Community center-based resistance training for the maintenance of glycemic control in adults with type 2 diabetes

Dunstan, David W., Vulikh, Elena, Owen, Neville, Jolley, Damien, Shaw, Jonathan and Zimmet, Paul 2006, Community center-based resistance training for the maintenance of glycemic control in adults with type 2 diabetes, Diabetes care, vol. 29, no. 12, pp. 2586-2591.

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Title Community center-based resistance training for the maintenance of glycemic control in adults with type 2 diabetes
Author(s) Dunstan, David W.
Vulikh, Elena
Owen, Neville
Jolley, Damien
Shaw, Jonathan
Zimmet, Paul
Journal name Diabetes care
Volume number 29
Issue number 12
Start page 2586
End page 2591
Publisher American Diabetes Association
Place of publication [Alexandria, Va.]
Publication date 2006-12
ISSN 0149-5992
1935-5548
Summary OBJECTIVE--The purpose of this study Was to determine whether beneficial effects on glycemic control of an initial laboratory-supervised resistance training program could be sustained through a community center-based maintenance program.

RESEARCH DESIGN AND METHODS--We studied 57 overweight (BMI [greater than or equal to] 27 kg/[m.sup.2]) sedentary men and women aged 40-80 years with established (>6 months) type 2 diabetes. Initially, all participants attended a twice-weekly 2-month supervised resistance training program conducted in the exercise laboratory. Thereafter, participants undertook a resistance training maintenance program (2 times/week) for 12 months and were randomly assigned to carry this out either in a community fitness and recreation center (center) or in their domestic environment (home). Glycemic control ([HbA.sub.1c] [A1C]) was assessed at 0, 2, and 14 months.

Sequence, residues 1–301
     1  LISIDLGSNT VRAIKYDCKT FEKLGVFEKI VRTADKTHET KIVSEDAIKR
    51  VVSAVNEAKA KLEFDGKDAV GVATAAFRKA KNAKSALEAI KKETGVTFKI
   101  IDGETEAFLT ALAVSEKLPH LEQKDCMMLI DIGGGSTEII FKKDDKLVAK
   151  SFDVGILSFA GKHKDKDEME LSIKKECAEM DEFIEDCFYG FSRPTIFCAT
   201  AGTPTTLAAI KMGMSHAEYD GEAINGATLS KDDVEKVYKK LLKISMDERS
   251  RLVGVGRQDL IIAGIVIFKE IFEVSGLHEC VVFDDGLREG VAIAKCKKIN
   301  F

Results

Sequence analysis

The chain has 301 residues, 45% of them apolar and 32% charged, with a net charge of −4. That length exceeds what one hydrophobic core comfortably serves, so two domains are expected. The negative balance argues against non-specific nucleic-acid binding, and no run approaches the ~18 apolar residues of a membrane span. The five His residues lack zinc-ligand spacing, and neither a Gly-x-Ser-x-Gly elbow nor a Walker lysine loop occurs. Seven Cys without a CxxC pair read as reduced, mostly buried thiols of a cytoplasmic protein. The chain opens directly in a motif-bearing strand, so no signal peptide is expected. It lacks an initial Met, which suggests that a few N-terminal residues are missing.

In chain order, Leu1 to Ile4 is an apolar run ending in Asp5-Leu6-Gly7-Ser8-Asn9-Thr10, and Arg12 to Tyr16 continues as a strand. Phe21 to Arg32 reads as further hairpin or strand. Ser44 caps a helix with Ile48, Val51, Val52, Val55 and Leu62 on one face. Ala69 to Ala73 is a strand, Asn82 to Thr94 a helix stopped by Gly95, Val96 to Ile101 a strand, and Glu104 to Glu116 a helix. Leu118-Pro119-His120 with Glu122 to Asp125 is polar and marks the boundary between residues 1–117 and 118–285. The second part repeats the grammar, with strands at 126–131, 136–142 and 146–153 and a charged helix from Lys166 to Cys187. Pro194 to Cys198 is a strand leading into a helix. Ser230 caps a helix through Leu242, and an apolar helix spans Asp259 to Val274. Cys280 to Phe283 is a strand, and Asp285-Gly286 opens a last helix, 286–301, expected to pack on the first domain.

RESULTS--Pooling data from the two groups for the 2-month supervised resistance training program showed that compared with baseline, mean A1C fell by -0.4% [95% CI -0.6 to -0.2]. Within-group comparisons showed that A1C remained lower than baseline values at 14 months in the center group (-0.4% [-0.7 to -0.03]) but not in the home group (-0.1% [-0.4 to 0.3]). However, no between-group differences were observed at each time point. Changes in A1C during the maintenance period were positively associated with exercise adherence in the center group only.

CONCLUSIONS--Center-based but not home-based resistance training was associated with the maintenance of modestly improved glycemic control from baseline, which was proportional to program adherence. Our findings emphasize the need to develop and test behavioral methods to promote healthy lifestyles including increased physical activity in adults with type 2 diabetes.
Language eng
Field of Research 111199 Nutrition and Dietetics not elsewhere classified
HERDC Research category C1.1 Refereed article in a scholarly journal
ERA Research output type C Journal article
Copyright notice ©2006, American Diabetes Association
Persistent URL http://hdl.handle.net/10536/DRO/DU:30020816

Document type: Journal Article
Collection: School of Exercise and Nutrition Sciences
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